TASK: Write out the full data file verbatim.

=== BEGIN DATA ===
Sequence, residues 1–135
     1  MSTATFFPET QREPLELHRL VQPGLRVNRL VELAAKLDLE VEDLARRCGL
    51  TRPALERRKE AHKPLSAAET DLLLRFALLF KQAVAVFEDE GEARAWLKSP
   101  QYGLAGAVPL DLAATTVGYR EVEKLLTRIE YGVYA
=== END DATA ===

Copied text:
Sequence, residues 1–135
     1  MSTATFFPET QREPLELHRL VQPGLRVNRL VELAAKLDLE VEDLARRCGL
    51  TRPALERRKE AHKPLSAAET DLLLRFALLF KQAVAVFEDE GEARAWLKSP
   101  QYGLAGAVPL DLAATTVGYR EVEKLLTRIE YGVYA